Drip ... Drip ... Drip - The American Spectator | USA News and Politics
Drip … Drip … Drip
President Joe Biden responds to questions about classified documents, Jan. 12, 2023 (Bloomberg Markets and Finance/YouTube)

Did George Santos’s communications team take over public relations for the Biden administration?

The drip-drip-drip nature of the revelations over Garagegate goes contrary to the standard playbook that dictates the release of information all at once when few pay attention. Instead of coming out, say, the Friday night before Christmas, this story hit the public in waves at a time when so little distracts.

We learned Monday of papers found at the Penn Biden Center. CBS News reported on “roughly 10 documents.” Then, later in the week, we learned of more state secrets kept in the garage, the place where people keep their junk but, rest assured, the president keeps his prized possession.

“My Corvette’s in a locked garage,” Joe Biden told Fox News Channel’s Peter Ducey. “Okay? So, it’s not like they’re sitting out on the street.”

Subsequent to this damaging damage-control statement Thursday, the public learned of an additional classified document found inside his private residence.

We did not get the pictures the Justice Department publicized when they raided Mar-a-Lago. But we get the picture. So did Attorney General Merrick Garland, who named special counsel to investigate the matter.

The Chinese water torture, strangely inflicted on the very people administering it, continued.

By midweek, the normally steady Karine Jean-Pierre appeared flustered and ready to ready her resume.

“You don’t need to be contentious with me here, Ed,” a frustrated press secretary lectured Ed O’Keefe of CBS News when he asked questions after not receiving answers on Wednesday.

On Thursday, the White House briefing room that as of late resembled a booster section began to take on the characteristics of a peanut gallery.

“It doesn’t make any sense,” CNN’s Phil Mattingly told KJP of her labeling “complete” the document drip. “If the review was underway the entire time, the only difference was that reporters had information on the first set of documents and therefore you chose to exclude the second set of documents until reporters got information on the second set of documents.”

“Well, let me unconfuse you for a second, Phil,” she said, before piling on sentences designed to further confuse matters.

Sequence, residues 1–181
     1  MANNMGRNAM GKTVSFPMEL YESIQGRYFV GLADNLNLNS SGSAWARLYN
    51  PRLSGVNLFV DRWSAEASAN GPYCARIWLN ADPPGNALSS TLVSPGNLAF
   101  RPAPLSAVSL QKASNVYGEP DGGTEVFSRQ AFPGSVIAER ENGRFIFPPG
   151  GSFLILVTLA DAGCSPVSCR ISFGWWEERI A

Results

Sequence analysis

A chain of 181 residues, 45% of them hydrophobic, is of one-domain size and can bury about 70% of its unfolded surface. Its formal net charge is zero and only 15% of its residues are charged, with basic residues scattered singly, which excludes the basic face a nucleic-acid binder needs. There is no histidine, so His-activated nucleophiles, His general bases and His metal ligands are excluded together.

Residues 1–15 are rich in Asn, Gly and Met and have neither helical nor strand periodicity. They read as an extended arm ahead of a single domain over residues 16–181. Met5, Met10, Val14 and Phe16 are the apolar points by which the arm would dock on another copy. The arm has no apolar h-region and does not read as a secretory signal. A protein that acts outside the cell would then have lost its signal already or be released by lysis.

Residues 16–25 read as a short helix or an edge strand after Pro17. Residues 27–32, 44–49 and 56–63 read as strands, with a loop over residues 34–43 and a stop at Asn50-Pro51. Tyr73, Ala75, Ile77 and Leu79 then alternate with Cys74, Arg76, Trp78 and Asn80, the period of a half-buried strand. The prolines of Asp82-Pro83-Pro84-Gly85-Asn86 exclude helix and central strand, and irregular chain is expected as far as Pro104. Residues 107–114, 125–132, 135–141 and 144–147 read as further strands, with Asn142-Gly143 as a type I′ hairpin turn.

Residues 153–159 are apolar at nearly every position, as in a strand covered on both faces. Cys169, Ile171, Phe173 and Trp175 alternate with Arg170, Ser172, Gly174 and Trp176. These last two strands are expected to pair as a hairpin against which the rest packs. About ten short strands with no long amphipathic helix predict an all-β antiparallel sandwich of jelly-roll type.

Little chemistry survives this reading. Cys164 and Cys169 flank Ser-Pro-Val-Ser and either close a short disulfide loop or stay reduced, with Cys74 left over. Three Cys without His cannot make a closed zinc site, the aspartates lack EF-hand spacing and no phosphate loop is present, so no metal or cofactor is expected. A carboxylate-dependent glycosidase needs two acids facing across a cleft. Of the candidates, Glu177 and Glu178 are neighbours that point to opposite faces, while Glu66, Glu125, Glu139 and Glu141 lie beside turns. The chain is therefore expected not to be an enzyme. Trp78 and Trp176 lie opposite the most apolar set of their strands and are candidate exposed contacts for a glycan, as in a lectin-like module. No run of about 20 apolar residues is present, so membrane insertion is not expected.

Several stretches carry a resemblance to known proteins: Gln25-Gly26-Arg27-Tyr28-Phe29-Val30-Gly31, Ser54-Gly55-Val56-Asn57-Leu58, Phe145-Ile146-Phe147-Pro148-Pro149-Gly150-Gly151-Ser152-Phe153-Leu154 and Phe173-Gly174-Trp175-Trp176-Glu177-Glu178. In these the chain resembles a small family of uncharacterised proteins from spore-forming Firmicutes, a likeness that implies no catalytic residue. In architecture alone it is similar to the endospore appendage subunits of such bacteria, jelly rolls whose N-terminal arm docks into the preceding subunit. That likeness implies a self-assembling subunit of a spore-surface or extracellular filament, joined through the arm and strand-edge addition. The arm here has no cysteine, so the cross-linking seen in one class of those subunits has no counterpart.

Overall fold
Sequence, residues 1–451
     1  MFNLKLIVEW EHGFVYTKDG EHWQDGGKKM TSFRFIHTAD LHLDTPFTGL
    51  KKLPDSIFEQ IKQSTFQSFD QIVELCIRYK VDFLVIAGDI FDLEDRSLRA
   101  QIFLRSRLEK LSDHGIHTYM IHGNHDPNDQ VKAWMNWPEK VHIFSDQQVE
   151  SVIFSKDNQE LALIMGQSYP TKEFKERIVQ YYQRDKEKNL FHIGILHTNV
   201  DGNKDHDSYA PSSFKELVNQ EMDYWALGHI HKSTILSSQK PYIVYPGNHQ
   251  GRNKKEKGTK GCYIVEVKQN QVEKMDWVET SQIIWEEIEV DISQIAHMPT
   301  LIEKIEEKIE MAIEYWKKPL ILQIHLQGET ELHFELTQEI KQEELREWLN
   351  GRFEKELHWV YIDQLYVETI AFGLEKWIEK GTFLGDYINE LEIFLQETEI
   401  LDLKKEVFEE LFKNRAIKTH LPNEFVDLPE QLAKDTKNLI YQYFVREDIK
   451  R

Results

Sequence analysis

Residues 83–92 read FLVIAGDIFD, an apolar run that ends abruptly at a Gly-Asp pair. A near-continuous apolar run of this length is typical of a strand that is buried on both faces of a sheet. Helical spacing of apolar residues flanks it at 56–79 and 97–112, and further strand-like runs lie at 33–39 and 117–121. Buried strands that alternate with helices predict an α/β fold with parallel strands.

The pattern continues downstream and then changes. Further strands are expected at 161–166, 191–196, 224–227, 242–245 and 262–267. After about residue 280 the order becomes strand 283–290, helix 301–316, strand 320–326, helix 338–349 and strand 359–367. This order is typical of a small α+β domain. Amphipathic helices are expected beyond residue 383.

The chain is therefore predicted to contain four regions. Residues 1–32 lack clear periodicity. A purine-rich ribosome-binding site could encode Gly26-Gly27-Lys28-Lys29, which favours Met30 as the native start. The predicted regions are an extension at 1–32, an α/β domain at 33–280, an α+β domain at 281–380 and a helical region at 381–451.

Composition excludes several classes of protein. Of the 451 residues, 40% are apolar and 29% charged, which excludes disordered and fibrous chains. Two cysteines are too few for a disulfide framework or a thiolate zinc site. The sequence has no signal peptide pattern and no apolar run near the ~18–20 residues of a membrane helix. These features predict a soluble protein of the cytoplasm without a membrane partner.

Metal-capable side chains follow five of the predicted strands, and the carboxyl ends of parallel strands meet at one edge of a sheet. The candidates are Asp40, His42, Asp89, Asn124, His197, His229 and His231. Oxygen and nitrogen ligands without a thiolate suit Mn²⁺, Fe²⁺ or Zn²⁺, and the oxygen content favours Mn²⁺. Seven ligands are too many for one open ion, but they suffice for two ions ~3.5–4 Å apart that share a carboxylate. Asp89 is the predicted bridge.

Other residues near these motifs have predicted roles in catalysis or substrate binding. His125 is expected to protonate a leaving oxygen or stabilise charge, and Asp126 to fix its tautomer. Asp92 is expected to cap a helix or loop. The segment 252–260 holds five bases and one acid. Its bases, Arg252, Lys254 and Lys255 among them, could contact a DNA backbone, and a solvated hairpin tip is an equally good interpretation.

Peter Doocy of Fox News asked, “How could anyone be that irresponsible?” KJP responded to Doocy using Biden’s words about Trump against him with what commentator Elizabeth Stauffer described as a “death stare.”

She stonewalled as she boasted about the administration’s transparency, shifted to weaksauce reporters with innocuous questions when the heat from other journalists grew intolerable, and repeatedly answered questions not asked with canned, non sequitur responses.

Whatever the seriousness of the underlying alleged crime, the handling of it seems unpardonable. The White House knew of this story on November 2. For obvious reasons, the administration kept this a secret until after the election. The gap between the day after Election Day and Monday feels inexplicable.

Did they hide this matter for another two months hubristically believing the story might magically evaporate because of a courtier press and a Justice Department that went from #Resistance to triple-heart emojis upon Biden’s inauguration?

The problem grows worse for the president because of two issues, both created by the administration. First, opacity drives curiosity. For one instance among many, saying his personal lawyers stumbled on the documents begs journalists to inquire about how they knew where to look. Second, sanctimony drives mockery. In banana republic fashion, Biden’s Justice Department raided the home of his political rival and then the president performed a touchdown dance on 60 Minutes. “How that could possibly happen,” he said of what thoughts those Mar-a-Lago, documents-strewn-on-a-rug pictures inspired, “how anyone could be that irresponsible, and I thought what data was in there that might compromise sources and methods. By that I mean, names of people who helped, et cetera. And it’s just totally irresponsible.”

He made a meme of himself. He did so knowing himself guilty of the same disregard of law of which he accused his political enemy.

Biden told reporters, “People know I take classified documents and classified material seriously.” But the listeners heard the omitted comma: “People know I take classified documents and material, seriously.”

Daniel J. Flynn
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Daniel J. Flynn, a senior editor of The American Spectator, is the author of Cult City: Harvey Milk, Jim Jones, and 10 Days That Shook San Francisco (ISI Books, 2018), The War on Football (Regnery, 2013), Blue Collar Intellectuals (ISI Books, 2011), A Conservative History of the American Left (Crown Forum, 2008), Intellectual Morons (Crown Forum, 2004), and Why the Left Hates America (Prima Forum, 2002). His articles have appeared in the Los Angeles Times, Chicago Tribune, Boston Globe, New York Post, City Journal, National Review, and his own website, www.flynnfiles.com.   
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